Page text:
thanks for the email. Is your friend a Seventh Day Adventist? It is normally, but not always, people from that denomination that try to argue for Soul Sleep. Although some of the arguments below are different from that so maybe not. You asked at the end what I think. I think you should be careful and wary in listening to your friend on this topic. It's not just that what they have said is wrong. It's that some of the arguments used seem to be pulling anything out of left field on purpose just to try muddy the waters. I'll include your email below in blue, and write my response under it.

I saw your "Do we go to Heaven when we die?" question, and I heard from a friend of mine an explanation as to why your answer isn't true. I'd like to hear your thoughts on it.

So his explanation referenced Genesis 1:1. "In the beginning, God created the heavens and the earth." The way it was explained was that God created heaven"s", plural. The First Heaven is outer space. The Third Heaven is where God is. And the Second Heaven is where Christians go when they die.

There is a pretty consistent belief among both Jews and Christians based on scripture concerning the 'three heavens' and it isn't what is described above. The first heavens speaks of the immediate atmosphere surrounding earth. The second heavens is that of space with the stars and planets. The third heaven is the domain and throne of God. If your friend thinks Christians go to the second heaven when they die then they would be floating around out in space! Maybe they should provide a scripture for that to back up their claim believers go to the 2nd heaven? No, it isn't complicated. Have a look at the following link that provides example scriptures for each of these 'heavens'.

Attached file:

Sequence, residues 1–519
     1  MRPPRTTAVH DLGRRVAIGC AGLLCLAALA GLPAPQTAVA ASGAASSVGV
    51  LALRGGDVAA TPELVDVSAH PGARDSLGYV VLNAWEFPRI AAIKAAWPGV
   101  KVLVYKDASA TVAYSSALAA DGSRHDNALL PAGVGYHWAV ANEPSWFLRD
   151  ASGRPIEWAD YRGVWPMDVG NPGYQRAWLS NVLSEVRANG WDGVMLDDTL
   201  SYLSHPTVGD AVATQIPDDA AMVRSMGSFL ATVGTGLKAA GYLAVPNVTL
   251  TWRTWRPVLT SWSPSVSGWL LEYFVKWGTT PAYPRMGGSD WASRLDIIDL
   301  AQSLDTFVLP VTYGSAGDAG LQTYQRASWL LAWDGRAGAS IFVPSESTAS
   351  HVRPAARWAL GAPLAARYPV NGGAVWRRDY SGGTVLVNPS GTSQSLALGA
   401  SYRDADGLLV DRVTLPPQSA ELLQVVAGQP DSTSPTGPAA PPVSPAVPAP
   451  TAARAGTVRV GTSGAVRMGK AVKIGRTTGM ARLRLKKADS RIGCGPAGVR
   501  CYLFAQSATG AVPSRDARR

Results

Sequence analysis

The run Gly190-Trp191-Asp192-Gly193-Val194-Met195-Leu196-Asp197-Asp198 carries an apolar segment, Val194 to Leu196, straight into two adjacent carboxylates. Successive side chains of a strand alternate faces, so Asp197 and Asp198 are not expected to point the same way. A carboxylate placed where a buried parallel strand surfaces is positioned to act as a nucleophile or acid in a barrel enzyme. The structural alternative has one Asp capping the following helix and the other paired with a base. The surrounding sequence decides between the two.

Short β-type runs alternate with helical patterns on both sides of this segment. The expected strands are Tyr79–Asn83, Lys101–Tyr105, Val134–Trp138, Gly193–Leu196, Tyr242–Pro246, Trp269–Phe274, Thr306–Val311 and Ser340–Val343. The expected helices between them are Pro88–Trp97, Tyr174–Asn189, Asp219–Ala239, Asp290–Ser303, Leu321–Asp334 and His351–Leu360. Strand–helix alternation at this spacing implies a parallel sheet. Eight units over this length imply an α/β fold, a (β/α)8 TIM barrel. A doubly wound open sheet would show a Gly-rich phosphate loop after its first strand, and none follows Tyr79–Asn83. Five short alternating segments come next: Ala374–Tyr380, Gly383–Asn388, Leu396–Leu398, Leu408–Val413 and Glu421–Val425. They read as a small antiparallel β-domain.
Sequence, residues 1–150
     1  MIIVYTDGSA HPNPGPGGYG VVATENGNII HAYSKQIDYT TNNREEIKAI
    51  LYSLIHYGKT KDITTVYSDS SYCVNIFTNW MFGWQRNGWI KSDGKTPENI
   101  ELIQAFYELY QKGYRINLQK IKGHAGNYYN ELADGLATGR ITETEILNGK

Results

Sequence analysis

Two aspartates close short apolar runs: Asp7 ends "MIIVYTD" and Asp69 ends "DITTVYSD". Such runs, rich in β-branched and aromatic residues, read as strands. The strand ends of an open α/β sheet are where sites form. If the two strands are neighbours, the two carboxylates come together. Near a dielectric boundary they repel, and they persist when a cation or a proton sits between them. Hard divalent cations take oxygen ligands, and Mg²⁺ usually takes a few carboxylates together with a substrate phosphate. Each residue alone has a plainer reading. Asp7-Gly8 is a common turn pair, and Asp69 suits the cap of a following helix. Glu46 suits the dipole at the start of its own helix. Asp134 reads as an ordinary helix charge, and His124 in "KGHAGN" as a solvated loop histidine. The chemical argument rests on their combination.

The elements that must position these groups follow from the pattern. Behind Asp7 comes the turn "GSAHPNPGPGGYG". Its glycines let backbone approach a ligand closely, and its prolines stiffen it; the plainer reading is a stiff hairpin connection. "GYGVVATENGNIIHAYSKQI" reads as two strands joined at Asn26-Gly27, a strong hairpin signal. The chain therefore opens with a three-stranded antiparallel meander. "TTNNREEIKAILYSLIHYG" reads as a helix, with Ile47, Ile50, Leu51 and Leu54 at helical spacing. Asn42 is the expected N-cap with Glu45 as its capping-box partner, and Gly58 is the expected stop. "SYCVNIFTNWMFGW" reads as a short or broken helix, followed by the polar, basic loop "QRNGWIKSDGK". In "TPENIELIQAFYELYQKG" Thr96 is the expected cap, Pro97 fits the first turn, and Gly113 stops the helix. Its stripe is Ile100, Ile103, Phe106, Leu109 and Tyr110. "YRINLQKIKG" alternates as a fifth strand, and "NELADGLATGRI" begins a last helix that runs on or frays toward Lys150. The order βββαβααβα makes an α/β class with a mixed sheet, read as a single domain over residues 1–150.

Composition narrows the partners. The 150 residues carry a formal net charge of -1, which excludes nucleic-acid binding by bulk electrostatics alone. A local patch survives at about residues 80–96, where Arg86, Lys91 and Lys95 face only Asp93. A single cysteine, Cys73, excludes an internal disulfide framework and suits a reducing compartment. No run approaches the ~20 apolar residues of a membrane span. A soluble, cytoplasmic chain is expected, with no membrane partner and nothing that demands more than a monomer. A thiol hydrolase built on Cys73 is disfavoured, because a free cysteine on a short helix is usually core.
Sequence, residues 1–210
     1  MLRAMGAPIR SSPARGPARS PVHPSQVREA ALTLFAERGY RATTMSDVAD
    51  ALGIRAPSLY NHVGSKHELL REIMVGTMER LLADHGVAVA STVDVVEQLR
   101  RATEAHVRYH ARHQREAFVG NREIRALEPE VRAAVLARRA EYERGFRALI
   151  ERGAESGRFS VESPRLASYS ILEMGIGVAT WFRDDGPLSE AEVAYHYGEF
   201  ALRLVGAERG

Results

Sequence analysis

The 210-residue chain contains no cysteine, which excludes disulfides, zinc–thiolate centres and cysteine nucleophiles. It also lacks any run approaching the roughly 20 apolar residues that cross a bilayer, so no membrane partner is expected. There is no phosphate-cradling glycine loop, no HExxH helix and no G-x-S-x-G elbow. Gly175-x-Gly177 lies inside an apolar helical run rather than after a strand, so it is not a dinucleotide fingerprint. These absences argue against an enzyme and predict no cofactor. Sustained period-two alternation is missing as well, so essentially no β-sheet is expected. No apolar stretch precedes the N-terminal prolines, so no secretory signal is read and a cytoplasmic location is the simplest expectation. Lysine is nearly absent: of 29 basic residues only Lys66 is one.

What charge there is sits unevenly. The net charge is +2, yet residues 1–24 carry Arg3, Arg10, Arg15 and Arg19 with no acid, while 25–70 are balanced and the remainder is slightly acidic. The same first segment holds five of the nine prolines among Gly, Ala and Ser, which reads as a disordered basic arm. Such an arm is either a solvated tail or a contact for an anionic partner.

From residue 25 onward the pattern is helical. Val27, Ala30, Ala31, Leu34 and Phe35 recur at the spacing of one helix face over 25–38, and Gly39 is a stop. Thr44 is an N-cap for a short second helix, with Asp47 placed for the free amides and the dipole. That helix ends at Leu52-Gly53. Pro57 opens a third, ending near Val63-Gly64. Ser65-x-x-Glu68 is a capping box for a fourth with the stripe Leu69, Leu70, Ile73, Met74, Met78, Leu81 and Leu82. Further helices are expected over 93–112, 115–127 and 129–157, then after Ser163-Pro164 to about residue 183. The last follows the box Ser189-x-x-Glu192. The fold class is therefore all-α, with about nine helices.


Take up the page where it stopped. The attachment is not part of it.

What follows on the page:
http://carm.org/what-does-it-mean-when-bible-refers-third-heaven

From now on when I speak of 'Heaven' I mean the third heaven where God is. I'm not talking about the earth's atmosphere or the stars.

In regards to your scripture verses, he said that in Luke 23:43, the actual Greek says "Today I tell you, you will be with me in paradise." (Exact wording may vary; I heard this a while ago and don't know Greek.) This changes the meaning of the verse.

No, the actual Greek doesn't say that. The only real argument is where to place the comma in the phrase. So is it:

"Truly I say to you, today you shall be with Me in Paradise." or
"Truly I say to you today, you shall be with Me in Paradise."

There are good reasons why Bible translators, who are Greek scholars, use the first phrase. Among there are:

1. Saying "Truly I say to you today...' would make the use of the word 'Today' redundant. Of course Jesus is speaking to the thief 'Today'. Anytime anyone speaks to someone it is in the present. Not tomorrow or yesterday!

2. This phrase translated 'truly I say unto you' was commonly used by Jesus when He wished to stress the point and never did He tack 'today' onto the end of it. For example, even in the same book of Luke we have:

Luk 4:24 And He said, "Truly I say to you, no prophet is welcome in his hometown.
Luk 9:27 "But I say to you truthfully, there are some of those standing here who will not taste death until they see the kingdom of God."
Luk 12:37 "Blessed are those slaves whom the master will find on the alert when he comes; truly I say to you, that he will gird himself to serve, and have them recline at the table, and will come up and wait on them.
Luk 12:44 "Truly I say to you that he will put him in charge of all his possessions.
Luk 18:17 "Truly I say to you, whoever does not receive the kingdom of God like a child will not enter it at all."
Luk 18:29 And He said to them, "Truly I say to you, there is no one who has left house or wife or brothers or parents or children, for the sake of the kingdom of God,
Luk 21:3 And He said, "Truly I say to you, this poor widow put in more than all of them;